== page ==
- Managing the procurement process.
- Performance management plan.
- Practice management.
- Relationship management.
- Safety management.
- Total quality management in construction.
- Value management.
Featured articles and news
What to do with troublesome statues?
A tricky political issue.
Designing Buildings content from and for its users
Discover more on how simple and quick it is to publish an article.
Recent users articles; Timber and retrofit
Which products, for what reasons.
Recent users articles; Digitally Built Britain
ISO 19650, BIM and data management.
Recent users articles; Interim valuations and payments
Applications, notices ad points to remember.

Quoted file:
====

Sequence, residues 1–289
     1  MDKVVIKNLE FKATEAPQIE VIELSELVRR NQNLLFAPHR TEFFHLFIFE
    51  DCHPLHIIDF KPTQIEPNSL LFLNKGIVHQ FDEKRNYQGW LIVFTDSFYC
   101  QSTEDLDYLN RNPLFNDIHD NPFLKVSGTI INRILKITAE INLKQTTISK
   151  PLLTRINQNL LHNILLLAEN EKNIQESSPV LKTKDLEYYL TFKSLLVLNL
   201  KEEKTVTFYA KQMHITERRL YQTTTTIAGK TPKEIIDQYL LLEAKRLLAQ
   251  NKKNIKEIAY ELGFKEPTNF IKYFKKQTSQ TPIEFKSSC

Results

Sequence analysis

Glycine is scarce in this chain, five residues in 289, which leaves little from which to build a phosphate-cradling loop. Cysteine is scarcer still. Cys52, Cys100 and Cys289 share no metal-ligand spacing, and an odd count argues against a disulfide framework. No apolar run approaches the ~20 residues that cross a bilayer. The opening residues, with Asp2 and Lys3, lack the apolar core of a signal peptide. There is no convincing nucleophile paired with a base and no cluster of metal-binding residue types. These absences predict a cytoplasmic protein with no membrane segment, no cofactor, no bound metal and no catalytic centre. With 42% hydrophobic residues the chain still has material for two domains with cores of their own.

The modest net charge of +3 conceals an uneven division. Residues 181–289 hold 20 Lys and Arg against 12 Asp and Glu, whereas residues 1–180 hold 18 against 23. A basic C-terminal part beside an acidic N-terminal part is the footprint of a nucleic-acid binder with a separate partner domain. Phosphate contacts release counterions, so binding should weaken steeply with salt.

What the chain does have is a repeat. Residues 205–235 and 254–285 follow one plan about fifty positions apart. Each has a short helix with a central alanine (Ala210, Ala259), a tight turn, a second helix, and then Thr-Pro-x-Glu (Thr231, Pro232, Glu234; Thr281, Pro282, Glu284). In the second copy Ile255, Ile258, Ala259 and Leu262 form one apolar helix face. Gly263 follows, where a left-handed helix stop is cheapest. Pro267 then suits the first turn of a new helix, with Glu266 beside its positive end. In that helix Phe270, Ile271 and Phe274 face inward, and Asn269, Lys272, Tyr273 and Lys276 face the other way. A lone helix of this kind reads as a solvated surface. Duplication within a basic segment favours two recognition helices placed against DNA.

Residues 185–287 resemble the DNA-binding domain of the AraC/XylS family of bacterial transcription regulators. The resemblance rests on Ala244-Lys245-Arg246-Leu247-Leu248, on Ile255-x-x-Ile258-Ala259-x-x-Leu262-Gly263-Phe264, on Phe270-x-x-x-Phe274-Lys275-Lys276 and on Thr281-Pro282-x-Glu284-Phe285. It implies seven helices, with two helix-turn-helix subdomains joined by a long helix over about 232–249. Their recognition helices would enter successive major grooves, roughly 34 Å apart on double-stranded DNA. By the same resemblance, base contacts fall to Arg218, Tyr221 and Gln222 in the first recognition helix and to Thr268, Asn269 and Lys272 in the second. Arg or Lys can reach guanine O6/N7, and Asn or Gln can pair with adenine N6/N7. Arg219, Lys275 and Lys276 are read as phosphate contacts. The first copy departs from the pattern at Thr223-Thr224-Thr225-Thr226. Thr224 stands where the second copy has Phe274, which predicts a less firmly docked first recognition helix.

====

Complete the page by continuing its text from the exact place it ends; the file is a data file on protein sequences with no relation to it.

Recent users articles; What is H-Scaffolding?
Elements, features and areas of use.
Recent users articles; what are NZEBs ?
How do they contribute to Sustainable Development.
The most viewed articles in 2022 on Designing Buildings
Written in the past 6 months, one year and beyond.
Second stairs for new tower blocks
Government launches a 12-week consultation
Happy Festive Holidays to all our users from here at DB
On the first day of Christmas DB for the Industry...
The psychological power of the built environment.
IHBC signpost update from Lords Committee on climate
Government must support behaviour change to meet targets.
Reflecting on 2022 into 2023 with the APM WiPM SIG
Women in Project Management conference 2022.
Types, colours and processing of hydrogen on DB
Grey, green, purple, blue, yellow, turquoise, brown and black.
The Kyoto Protocol a brief reminder on DB
Adopted in 1997, ratified in 2005..
Europe moves to phase out electrical SF6 gas
Sulphur hexafluoride the world’s most potent GHG.
Biomass boiler market on the rise in Europe
Proving to be a driver for decarbonisation targets.